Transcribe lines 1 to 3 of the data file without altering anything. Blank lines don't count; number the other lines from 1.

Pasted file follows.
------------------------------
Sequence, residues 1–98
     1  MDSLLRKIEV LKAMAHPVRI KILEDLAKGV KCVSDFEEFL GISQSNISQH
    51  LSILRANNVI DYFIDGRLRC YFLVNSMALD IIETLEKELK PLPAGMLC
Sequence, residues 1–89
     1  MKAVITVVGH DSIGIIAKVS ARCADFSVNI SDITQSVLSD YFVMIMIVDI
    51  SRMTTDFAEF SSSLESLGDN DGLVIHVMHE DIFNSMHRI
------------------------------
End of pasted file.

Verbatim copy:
Sequence, residues 1–98
     1  MDSLLRKIEV LKAMAHPVRI KILEDLAKGV KCVSDFEEFL GISQSNISQH
    51  LSILRANNVI DYFIDGRLRC YFLVNSMALD IIETLEKELK PLPAGMLC